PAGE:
BRITS ARE CARRYING PROPERTY WORTH £3,000 EVERY DAY

  • 80% just ‘keep a close eye on property’ to protect it
  • 96% of Brits always carry their smartphone and estimate the handset value at £450, yet only 40% take out any form of insurance

In today’s tech and style-savvy world, many of us will invest in the latest gadgets and must-have fashion items, but do we ever stop and think about the total value of the items we carry around with us day-to-day?

Phone specialist Envirofone surveyed Brits (1) to find how much money we carry around each day via the possessions we have with us. The study revealed that the value of items carried often totals more than £3,000 per person (2).

Smartphones are a key high-value item for 96% of us, but only 40% of smartphone owners have insurance, despite the average replacement estimated to cost over £450.

Other items that contribute to our in-pocket wealth include wearable tech such as fitness trackers and smartwatches. Around one in ten (13%) now own and wear a fitness tracker, worth an estimated £125. A similar number (9%) own and wear a smartwatch, which owners estimated would be worth around £300. Likewise, 14% of people surveyed carry a tablet computer every day, worth £600 on average.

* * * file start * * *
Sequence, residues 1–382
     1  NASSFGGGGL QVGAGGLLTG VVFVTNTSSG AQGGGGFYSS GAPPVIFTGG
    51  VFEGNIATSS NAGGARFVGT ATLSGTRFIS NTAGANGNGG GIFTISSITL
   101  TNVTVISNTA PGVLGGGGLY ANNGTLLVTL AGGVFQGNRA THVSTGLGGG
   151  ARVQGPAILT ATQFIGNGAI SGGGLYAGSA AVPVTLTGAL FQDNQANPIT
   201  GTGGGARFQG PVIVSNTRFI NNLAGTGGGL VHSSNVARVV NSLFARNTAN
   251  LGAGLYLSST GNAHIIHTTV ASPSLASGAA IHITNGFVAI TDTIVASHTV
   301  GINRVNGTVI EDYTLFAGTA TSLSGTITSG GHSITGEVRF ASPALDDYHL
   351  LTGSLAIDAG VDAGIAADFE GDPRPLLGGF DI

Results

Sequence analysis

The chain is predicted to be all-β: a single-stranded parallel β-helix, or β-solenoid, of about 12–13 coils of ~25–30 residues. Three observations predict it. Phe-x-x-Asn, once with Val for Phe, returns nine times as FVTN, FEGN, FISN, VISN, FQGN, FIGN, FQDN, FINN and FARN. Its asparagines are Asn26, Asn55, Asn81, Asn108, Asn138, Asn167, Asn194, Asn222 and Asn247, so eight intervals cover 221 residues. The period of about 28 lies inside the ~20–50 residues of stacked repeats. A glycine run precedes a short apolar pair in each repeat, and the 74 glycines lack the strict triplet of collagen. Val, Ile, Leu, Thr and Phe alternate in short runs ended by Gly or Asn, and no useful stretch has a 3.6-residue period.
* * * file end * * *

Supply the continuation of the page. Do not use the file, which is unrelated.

Luxury items such as designer handbags and sunglasses are also increasingly common, with 16% and 14% of participants saying they have these lavish, high-value accessories in their possession every day.

So why do people feel confident enough to carry around expensive items, so much so that 80% will only protect property by ‘keeping a close eye’ on it?

Tom Barker, 33, from London said: “I’ve never really considered the value of the stuff I have in my pockets or on my wrist, but I reckon it would cost me a fair few grand to replace, and I rarely have more than about £500 in my bank account.

“What’s weird is that when I go on holiday I get so paranoid about my suitcase getting lost – even though I could replace all my clothes for about £300!

“I guess when items are so close to you, or when you get used to them always being there, you forget that they have a value.”

Commenting on the research, Richard Mavers, director of group marketing and online strategy at Envirofone, said: “I think we are all guilty of not being aware how much our everyday possessions amount to. But when you see all the items and prices broken down, it is quite shocking that we all feel so comfortable walking round with all this property on our person.

“As Tom said, when you become comfortable or used to having certain things you forget their monetary worth. Even a smartphone that is two or three years old could still be traded-in for £200+!”